Unfortunately, I think it was the story itself that I didn’t click with. The ambiguity and lack of explanation got to me and I think I would prefer the story a bit more resolved. I also felt the structure of three different POVs, each section only a few pages long, made it difficult to ever root for a character or get a chance to understand them a bit more. A story like this, which is so heavily dependant on its characters to make up for the ambiguity in its world/magic, really needs strong characters and I just didn’t get a chance to feel close to the characters because we were whisked away from constantly.
So whilst I wasn’t in love with this particular story and world, I really was awed by Anna-Marie McLemore’s writing and I will definitely be picking up one of their earlier books which might work better for me.
Goodreads blurb:A novel of trauma, identity, and survival.
After an assault, bigender seventeen-year-old Aleks/Alexis is looking for afresh start―so they voluntarily move in with their uncle, a Catholic priest. In their new bedroom, Aleks/Alexis discovers they can overhear parishioners in the church confessional. Moved by the struggles of these “sinners,” Aleks/Alexis decides to anonymously help them, finding solace in their secret identity: a guardian angel instead of a victim.
But then Aleks/Alexis overhears a confession of another priest admitting to sexually abusing a parishioner. As they try to uncover the priest’s identity before he hurts anyone again, Aleks/Alexis is also forced to confront their own abuser and come to terms with their past trauma.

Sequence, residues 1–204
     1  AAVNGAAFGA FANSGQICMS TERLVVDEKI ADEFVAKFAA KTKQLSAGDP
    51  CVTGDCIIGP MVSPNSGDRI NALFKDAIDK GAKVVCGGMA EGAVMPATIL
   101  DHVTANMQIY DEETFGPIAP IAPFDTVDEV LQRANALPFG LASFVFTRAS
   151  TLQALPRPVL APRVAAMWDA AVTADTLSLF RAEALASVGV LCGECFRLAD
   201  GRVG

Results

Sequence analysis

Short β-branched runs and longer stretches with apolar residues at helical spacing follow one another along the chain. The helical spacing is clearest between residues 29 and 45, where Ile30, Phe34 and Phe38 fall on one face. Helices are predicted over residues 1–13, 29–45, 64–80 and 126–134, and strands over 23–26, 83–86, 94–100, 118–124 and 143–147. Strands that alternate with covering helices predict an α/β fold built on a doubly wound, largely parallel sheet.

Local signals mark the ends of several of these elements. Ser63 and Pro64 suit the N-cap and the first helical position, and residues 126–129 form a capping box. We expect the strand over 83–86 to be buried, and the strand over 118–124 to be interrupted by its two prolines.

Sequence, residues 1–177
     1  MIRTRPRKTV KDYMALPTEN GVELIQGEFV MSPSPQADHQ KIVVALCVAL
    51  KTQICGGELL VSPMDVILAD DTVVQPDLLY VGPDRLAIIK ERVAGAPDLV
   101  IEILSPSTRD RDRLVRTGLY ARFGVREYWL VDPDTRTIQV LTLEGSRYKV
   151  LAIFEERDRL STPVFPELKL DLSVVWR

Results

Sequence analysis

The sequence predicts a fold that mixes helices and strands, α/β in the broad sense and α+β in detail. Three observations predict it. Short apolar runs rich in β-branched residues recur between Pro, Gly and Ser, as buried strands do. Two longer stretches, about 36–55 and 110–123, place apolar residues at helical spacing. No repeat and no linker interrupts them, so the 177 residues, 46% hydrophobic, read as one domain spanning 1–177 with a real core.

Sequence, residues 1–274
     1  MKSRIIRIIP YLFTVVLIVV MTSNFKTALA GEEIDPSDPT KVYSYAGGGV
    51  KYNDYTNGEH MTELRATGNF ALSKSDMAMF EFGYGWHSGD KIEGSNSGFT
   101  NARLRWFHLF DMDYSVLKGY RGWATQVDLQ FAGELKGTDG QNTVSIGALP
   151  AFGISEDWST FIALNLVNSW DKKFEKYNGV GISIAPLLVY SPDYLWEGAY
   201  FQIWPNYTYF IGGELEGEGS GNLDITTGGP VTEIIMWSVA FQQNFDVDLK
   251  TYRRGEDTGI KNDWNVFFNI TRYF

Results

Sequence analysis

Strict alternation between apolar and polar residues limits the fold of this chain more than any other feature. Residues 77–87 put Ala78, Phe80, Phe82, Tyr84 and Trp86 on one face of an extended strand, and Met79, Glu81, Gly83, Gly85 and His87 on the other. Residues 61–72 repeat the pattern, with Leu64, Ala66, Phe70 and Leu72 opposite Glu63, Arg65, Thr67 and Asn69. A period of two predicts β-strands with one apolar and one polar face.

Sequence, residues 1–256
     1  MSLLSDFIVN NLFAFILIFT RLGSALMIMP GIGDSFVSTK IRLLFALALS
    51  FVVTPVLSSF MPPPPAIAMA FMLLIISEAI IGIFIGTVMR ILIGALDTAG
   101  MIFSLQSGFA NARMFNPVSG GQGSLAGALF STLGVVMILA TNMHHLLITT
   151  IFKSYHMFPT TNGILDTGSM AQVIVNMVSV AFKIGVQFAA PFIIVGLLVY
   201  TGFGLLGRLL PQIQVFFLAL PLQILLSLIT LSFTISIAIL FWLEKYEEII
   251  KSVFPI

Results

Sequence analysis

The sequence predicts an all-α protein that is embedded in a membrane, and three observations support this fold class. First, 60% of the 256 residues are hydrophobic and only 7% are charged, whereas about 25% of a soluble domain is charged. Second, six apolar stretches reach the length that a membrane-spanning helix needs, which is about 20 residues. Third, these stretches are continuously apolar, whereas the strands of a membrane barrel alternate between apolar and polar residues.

Thank you to NetGalley and the publisher for giving me an ARC in exchange for an honest review.
I first found this book thanks to Dahlia at LGBTQReads shouting about it as the first YA novel with bigender rep. The way this rep was handled was definitely my favourite part of the book and I loved seeing YA expand to include less talked about representation, but ultimately the plot of the novel felt confusing and I didn’t click with the writing style.
Aleks/Alexis has moved in with their strict Catholic Aunt and Uncle, to escape their old life after an assault. Choosing to present only as Alexis, they find solace in a new identity, Raziel. After discovering they can overhear confessionals from their room, as Raziel, they try to help others. But when they overhear a Priest confessing to assaulting an alterboy, they end up confronting their own assault as well as that of the Priest’s.
I want to first talk about the bigender rep in this book, because I found it absolutely wonderful and you could really feel how honest and true the author was being to their identity. I think this book will really help a lot of teens by providing such great representation of a marginalisation not commonly talked about. I really appreciated the honesty of this portrayal and in addition, I really loved the portrayal of Aleks/Alexis parents as well. None of the YA I read ever seems to show supportive parenting?! But this book did! Thank you for writing supportive parents who check in with their teen and support who they are without any issues.